I saw this “donuts are the devil but tacos are king!” message on a white board at my gym the other day, and I was struck by how hugely flawed this type of thinking is (especially at a “health” club.) Sure it’s just a throwaway line written on the board in the group class/bootcamp room, but it still registered with me. Mainly because I’m all too familiar with this flawed thinking myself.
A doughnut isn’t the devil. A doughnut is just a doughnut. A taco isn’t king. A taco is just a taco. Just like a pair of shoes is just a pair of shoes. Or a watch is just a watch. Or a pricey leather bag is… just a pricey leather bag. No more. No less.
The problem here is that the more you elevate or demonize a thing, the greater the chance you can be controlled by it. You have “thought” it into a totally artificial, undeserved, powerful state of being.
And we humans do this all the time.
Things, on average, are hugely overrated. Listen, I get it. I really like things too. If I didn’t, this tiny website that you’re reading right now wouldn’t work. But the truth is, the joy ceiling on a taco in isolation is enormously low. As is the joy ceiling on a new pair of shoes. Or a new shirt.
I mean, it’s a shirt. “Ooooh new shirt. YAY shirt! Something to cover my nipples! Nipples are bad. I’m a filthy mammal!”
It’s not really about the things. It’s the actions around the taco or the shoes or the shirt that make us really happy. Remove the taco, still do the things you would have done around the taco (say, meeting up with friends) and you quickly realize how unnecessary the taco is. The things are often irrelevant to happiness, if not outright counter-productive (such as eating too many tacos, alone, in front of Netflix).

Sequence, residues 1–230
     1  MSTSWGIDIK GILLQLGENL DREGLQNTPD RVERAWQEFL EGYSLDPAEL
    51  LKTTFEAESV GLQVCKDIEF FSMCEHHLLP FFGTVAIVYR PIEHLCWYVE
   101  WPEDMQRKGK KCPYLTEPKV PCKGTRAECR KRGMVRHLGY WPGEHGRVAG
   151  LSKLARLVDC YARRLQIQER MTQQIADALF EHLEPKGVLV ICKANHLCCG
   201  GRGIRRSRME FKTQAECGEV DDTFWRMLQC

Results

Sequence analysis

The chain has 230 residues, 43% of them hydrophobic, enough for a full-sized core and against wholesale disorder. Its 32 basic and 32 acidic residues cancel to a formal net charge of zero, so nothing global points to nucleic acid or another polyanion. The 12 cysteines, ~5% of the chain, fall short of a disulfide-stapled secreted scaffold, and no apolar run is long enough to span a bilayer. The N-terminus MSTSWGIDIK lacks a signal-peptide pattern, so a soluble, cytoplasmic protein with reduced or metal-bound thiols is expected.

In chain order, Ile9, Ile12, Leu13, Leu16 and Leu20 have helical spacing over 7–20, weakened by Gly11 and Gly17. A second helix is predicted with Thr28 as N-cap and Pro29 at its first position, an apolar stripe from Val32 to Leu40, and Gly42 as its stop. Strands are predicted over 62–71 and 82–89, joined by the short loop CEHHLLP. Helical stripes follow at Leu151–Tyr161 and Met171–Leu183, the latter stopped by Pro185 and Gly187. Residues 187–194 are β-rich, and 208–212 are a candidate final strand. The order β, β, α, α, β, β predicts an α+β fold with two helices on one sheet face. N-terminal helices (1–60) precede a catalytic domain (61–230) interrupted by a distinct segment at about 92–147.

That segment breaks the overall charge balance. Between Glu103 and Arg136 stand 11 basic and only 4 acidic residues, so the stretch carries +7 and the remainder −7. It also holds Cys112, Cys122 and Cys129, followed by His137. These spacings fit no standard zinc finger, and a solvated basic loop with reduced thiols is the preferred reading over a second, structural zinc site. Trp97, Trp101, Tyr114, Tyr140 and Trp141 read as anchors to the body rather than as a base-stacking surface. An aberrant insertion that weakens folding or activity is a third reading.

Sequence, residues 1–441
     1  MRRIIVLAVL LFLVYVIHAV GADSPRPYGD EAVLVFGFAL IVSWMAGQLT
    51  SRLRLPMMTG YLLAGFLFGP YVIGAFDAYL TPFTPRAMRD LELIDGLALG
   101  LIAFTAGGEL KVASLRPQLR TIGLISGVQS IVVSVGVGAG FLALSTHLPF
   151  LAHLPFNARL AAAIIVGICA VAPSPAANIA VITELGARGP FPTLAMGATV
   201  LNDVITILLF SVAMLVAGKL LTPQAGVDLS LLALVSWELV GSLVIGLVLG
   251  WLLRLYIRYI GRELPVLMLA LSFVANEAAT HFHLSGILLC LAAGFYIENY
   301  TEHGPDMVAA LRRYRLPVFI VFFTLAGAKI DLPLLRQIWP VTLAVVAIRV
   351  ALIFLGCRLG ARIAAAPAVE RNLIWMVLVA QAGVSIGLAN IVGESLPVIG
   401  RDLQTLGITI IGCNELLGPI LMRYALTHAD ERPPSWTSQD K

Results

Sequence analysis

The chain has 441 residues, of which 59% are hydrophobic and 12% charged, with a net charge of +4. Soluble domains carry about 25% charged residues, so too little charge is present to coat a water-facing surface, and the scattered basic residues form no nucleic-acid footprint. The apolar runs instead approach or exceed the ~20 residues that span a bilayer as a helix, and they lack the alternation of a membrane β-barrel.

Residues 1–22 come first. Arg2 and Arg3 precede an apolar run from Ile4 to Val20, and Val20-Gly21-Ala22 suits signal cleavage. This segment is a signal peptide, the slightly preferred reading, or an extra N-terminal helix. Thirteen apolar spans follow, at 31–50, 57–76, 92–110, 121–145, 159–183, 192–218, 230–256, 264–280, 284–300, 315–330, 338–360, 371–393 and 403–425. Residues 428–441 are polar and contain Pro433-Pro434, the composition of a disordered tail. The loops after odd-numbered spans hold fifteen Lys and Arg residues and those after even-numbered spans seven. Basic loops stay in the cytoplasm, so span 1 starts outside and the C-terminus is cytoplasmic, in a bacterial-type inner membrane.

And it’s a real pain in the butt, but our brains often confuse things with actions. Like tacos = friendly happy fun time. Or nice clothes = successful cool sexy time.
But this just isn’t true. And through that confusion we artificially elevate or demonize the thing. We give enormous amounts of power to something that’s otherwise totally inert. And by giving a thing that power, we take the power away from ourselves.
The watch or the shoes or the suit won’t ask for the raise. Or get the date with the smoke-show eyeing you up from the bar. You have to do that. The taco doesn’t prevent you from exercising. Nor is it forcing you to avoid eating nutritiously. You have the power to do those things. The taco sure doesn’t. It’s just a taco. How do I know you can do it? All of it? All of the things? Because our brains are powerful enough to artificially elevate a taco to a position of power which downright scares plenty of us. That’s true power. You just have to re-purpose it.
Get over the taco. See the shoes, the shirts, and the watches for what they are. They are tools. Totally useless unless they’re serving you (certainly not sabotaging you) in pursuing or doing something that truly brings you joy.
You have to do the things. The thing can’t do the things for you. And until it can, it’s best to stop elevating it upon an artificial power pedestal.
Because the higher up you put it, the more power it’ll have. And the more power it has, the lower you’re gonna feel.
Now pass me the Cholula.